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Criminal Procedure — ineffective assistance

United States Court of Appeals For the Seventh Circuit


Criminal Procedure — ineffective assistance

The attorney for a white supremacist was not ineffective for using peremptory challenges to strike white, rather than black, jurors.

“[T]he Supreme Court has held that lawyers are forbidden to exercise challenges on racial grounds. See Batson v. Kentucky, 476 U.S. 79 (1986). This rule applies to defense counsel as well as to prosecutors. See Georgia v. McCollum, 505 U.S. 42 (1992). Although defense lawyers are not state (or federal) actors, a judge’s decision to honor a challenge is governmental and therefore must not implement racial discrimination. Far from holding that defense lawyers must defy Batson whenever evasion would be in the interest of the defense, we have held that racially motivated challenges constitute ineffective assistance, even when the lawyer sincerely believes that removing jurors of a particular race or sex would help the defendant. See Winston v. Boatwright, 649 F.3d 618 (7th Cir. 2011). Hale’s trial lawyer should be praised, not condemned, for resisting the temptation to use race as the basis of challenges.”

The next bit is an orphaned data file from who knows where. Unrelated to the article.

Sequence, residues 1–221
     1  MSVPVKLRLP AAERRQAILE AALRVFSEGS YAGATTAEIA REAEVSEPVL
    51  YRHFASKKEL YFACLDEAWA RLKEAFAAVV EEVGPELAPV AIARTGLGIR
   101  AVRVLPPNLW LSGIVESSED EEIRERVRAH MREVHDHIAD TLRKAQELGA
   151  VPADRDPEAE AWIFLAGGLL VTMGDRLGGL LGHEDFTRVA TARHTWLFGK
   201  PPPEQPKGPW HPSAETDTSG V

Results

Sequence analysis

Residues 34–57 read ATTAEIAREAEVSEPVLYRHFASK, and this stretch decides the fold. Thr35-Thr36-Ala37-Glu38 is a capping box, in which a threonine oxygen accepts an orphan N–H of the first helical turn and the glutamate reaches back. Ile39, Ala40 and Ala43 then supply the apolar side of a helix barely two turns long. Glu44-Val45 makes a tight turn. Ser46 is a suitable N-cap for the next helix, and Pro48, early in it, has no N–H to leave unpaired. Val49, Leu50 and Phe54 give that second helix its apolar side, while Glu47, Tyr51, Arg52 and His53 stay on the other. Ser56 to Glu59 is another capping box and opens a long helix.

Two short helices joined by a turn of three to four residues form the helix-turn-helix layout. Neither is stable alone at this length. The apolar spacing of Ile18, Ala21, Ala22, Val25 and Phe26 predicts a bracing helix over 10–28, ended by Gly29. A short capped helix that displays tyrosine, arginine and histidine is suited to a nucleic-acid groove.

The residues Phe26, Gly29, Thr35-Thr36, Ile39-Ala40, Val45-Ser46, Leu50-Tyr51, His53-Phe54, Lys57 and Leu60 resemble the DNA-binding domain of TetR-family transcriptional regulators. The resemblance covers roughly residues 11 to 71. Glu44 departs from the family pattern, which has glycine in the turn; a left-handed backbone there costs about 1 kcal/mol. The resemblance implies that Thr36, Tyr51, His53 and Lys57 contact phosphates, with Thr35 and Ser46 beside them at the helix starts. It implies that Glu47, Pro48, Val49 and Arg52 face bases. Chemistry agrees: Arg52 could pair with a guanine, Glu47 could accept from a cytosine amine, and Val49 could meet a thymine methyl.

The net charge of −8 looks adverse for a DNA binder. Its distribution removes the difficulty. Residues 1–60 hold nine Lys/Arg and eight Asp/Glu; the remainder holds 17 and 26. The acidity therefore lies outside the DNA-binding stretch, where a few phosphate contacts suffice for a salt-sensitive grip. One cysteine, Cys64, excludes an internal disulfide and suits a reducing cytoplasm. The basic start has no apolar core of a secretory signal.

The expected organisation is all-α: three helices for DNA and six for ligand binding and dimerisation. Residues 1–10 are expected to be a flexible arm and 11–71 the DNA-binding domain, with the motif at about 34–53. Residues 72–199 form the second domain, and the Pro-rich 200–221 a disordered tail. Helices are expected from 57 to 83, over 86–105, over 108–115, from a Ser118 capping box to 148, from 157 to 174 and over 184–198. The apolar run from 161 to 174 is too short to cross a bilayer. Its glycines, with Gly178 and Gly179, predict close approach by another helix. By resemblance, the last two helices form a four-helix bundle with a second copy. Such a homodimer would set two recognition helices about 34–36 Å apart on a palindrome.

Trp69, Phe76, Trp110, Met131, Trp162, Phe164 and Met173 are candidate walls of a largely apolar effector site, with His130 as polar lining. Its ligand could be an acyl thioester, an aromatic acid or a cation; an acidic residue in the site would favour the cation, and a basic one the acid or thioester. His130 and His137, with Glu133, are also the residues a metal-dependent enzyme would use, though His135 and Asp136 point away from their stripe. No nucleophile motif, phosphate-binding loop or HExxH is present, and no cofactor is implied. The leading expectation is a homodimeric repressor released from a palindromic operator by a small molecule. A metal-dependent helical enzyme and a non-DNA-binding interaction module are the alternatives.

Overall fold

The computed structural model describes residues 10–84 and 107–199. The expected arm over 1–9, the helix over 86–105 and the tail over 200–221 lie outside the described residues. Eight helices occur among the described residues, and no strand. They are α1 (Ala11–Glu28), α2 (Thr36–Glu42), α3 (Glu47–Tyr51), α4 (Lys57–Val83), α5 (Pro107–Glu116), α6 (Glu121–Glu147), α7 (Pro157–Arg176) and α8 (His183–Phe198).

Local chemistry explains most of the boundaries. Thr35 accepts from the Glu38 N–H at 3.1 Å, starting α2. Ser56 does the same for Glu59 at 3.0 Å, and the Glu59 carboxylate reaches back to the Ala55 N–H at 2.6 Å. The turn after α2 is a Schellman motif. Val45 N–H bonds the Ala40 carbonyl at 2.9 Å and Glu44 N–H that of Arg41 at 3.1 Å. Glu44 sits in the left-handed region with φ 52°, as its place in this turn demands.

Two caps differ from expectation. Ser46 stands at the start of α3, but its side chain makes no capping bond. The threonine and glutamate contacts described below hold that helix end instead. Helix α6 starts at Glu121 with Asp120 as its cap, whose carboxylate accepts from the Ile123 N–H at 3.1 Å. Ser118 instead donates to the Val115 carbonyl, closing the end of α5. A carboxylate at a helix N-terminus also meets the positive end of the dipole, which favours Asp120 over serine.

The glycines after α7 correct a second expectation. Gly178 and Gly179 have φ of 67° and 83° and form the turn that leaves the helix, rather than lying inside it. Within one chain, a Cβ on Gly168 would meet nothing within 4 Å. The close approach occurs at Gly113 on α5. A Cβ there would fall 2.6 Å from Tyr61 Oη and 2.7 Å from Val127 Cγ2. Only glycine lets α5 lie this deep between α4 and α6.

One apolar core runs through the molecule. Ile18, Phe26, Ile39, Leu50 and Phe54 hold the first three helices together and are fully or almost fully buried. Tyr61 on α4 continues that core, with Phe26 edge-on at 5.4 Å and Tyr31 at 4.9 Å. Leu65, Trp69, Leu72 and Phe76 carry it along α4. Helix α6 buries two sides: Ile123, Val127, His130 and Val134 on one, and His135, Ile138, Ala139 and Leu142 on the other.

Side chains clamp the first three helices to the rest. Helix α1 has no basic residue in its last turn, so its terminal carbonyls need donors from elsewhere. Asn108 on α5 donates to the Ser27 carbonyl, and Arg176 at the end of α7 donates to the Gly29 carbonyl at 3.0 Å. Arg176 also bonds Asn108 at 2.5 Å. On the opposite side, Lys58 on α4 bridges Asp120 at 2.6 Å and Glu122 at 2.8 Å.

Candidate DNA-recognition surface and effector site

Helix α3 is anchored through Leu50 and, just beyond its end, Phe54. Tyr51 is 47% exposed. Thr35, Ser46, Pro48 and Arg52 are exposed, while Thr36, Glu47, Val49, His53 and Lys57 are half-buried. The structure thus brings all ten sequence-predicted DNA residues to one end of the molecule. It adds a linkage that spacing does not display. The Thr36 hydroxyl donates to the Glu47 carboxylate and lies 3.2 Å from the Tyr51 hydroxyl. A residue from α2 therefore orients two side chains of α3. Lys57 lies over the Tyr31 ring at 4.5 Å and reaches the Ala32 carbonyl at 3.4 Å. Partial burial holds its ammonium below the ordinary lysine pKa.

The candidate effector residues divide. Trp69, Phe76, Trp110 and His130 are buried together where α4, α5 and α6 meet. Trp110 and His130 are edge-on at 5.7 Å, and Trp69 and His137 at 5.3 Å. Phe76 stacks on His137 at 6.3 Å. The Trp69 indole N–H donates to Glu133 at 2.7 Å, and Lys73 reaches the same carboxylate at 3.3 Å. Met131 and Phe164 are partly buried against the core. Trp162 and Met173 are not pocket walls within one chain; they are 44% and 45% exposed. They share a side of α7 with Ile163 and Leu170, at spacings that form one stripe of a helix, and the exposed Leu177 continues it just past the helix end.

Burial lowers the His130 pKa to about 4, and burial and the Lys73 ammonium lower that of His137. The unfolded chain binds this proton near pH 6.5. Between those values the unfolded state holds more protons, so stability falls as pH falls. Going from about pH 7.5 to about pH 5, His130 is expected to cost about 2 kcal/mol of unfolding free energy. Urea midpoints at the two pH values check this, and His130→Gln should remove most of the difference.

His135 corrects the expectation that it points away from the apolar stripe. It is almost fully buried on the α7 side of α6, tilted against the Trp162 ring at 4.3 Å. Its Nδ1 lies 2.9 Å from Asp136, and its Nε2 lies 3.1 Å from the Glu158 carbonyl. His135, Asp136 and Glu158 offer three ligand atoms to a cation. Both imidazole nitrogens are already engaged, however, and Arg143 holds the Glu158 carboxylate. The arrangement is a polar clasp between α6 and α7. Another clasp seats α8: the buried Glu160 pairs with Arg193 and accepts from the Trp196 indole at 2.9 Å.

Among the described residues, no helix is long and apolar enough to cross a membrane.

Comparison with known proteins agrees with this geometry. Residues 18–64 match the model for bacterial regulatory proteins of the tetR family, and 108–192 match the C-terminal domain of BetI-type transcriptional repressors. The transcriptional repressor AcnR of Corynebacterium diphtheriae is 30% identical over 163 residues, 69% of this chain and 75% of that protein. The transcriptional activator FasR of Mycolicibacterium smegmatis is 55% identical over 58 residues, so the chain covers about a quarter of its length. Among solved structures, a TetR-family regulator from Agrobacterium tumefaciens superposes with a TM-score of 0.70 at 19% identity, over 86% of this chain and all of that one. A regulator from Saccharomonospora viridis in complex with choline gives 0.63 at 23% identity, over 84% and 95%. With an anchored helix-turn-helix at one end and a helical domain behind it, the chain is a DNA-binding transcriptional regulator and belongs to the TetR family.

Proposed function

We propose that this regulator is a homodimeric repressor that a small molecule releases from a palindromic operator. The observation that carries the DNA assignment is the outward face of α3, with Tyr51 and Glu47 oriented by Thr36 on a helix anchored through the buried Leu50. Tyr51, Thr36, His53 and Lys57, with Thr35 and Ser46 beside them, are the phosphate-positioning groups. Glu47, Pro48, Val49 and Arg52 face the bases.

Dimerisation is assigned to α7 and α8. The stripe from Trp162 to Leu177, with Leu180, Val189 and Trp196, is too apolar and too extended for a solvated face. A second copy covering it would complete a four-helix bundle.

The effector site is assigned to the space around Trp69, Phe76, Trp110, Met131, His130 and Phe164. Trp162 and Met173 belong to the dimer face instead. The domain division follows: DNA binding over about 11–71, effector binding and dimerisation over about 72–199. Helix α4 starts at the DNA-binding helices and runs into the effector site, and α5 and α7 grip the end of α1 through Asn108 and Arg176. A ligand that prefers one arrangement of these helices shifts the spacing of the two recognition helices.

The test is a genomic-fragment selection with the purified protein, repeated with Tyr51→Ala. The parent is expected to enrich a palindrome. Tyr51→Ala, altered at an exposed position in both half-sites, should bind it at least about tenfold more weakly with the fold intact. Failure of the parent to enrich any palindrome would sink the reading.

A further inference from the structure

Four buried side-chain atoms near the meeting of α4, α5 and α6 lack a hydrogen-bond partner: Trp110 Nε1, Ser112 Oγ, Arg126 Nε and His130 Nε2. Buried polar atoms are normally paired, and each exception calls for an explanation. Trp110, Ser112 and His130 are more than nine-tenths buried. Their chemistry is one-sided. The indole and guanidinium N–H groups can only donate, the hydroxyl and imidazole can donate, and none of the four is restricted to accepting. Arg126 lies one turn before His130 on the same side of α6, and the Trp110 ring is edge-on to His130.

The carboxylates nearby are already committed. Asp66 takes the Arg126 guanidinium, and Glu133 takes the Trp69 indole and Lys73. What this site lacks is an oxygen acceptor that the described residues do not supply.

11-3868 Hale v. U.S.

Appeal from the United States District Court for the Northern District of Illinois, Moody, J., Easterbrook, J.

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